My good teachum GV has recently been in Hong Kong, where he has been (among his actual academic duties) drinking tea with another teachum of mine, and resident of the once-British trading port, KC. KC has some great tea. KC has some really very great tea, in fact, and this is one of them: a small-scale production, made in the factory that presses Yichanghao cakes.
This is one of a few Guafengzhai [Gwa-fung-djai] cakes that I've had this year. As you can see above in comparison with a standard Dayi (which are quite small), it's not a huge cake. Below, a similar comparison with the denuded Guafengzhai.
This little fellow is firm and fruity. The leaves, pictured below, are glossy and covered in down.
The perfectly yellow soup that you can see in the photograph below slowly turns orange in the air, as its highly active contents oxidise. It has tons (and tons) of sweet, sugary scents in the aroma cup, and the flavour is big and bold: lots of sweet grass, butter, and a chunky huigan. The yunxiang [after-aroma] is a highly complementary sweet tobacco. It swells to dominate the mouth, and has an enduring sweetness that blows all of the cobwebs away at 4 a.m.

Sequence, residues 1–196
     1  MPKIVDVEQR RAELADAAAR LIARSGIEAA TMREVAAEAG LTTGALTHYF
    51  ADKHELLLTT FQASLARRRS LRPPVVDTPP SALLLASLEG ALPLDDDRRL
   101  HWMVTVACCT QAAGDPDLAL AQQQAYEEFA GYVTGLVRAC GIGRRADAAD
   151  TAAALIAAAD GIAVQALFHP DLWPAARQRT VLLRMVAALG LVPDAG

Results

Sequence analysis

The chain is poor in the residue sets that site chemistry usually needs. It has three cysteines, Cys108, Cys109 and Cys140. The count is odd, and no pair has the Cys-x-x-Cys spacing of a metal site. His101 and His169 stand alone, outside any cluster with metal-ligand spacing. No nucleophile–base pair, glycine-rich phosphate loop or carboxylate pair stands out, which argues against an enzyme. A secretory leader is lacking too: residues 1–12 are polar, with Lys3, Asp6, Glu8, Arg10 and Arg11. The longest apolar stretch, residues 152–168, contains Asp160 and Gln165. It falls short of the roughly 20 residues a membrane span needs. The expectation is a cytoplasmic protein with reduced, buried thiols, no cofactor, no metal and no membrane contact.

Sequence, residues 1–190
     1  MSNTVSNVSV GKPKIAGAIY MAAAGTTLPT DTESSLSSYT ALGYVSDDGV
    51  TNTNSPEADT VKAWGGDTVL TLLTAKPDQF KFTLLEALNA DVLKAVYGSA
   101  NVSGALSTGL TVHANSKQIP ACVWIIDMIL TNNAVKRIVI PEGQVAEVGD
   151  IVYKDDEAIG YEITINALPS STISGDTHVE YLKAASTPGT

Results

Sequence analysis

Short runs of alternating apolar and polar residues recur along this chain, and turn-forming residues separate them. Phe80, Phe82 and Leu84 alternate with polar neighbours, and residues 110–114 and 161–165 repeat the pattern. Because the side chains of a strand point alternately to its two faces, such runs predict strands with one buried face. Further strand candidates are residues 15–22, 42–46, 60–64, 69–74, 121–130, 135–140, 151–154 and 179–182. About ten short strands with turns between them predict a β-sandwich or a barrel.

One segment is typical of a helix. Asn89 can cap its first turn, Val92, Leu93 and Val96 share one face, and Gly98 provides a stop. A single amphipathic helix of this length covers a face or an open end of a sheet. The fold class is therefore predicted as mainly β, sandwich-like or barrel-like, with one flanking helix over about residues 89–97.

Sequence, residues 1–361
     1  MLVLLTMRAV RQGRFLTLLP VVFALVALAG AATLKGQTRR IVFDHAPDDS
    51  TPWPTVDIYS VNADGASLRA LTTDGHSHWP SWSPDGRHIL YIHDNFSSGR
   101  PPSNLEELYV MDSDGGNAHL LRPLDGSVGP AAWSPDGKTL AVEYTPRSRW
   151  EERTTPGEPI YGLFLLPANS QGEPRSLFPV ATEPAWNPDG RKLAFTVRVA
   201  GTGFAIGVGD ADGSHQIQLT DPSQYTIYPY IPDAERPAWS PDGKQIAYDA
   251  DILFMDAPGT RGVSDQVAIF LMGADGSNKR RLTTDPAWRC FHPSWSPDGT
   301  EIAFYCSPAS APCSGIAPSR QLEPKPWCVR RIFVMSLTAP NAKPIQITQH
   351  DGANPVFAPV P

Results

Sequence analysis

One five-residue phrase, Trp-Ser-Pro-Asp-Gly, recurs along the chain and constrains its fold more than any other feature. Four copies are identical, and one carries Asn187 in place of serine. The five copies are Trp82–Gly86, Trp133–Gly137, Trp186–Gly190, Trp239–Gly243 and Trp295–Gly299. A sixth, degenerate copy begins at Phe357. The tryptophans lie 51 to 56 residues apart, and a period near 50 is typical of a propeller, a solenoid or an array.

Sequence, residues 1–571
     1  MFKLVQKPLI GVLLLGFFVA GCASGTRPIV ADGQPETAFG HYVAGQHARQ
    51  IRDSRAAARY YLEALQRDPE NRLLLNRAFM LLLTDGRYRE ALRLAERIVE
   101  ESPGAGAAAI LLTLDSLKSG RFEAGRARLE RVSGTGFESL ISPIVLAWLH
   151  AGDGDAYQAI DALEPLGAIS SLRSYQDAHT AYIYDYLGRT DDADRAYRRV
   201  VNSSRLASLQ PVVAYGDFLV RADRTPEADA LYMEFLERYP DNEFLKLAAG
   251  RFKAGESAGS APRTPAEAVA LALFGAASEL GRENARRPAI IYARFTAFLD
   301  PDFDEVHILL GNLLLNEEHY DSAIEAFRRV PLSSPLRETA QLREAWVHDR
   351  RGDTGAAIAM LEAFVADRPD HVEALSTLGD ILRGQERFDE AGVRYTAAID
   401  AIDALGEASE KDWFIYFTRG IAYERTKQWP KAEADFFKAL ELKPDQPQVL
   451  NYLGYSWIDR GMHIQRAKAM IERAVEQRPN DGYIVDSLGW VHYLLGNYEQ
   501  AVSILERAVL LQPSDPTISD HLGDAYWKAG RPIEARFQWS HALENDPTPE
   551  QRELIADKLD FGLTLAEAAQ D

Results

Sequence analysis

This is seriously enjoyable pu'er.
Plenty of kuwei [pleasant bitterness] remains in this cake, which is to its credit - and the credit of its producers. Never fear a bit of kuwei, I say. I'd rather have it bitter today and awesome tomorrow, than mildly enjoyable today and flat tomorrow.
I like a tea that is brave and honest enough to knock your socks off with its kuwei and yellow colour. This tea contains both of those expressions of character, along with a marvellous complexity that will have me looking out for further examples from Guafengzhai. (Remember, too, that the "alpha" cake in our recent tasting event was from the same village, which was my favourite of all five.)
Many thanks to KC for introducing Lei and me to these lovely little cakes.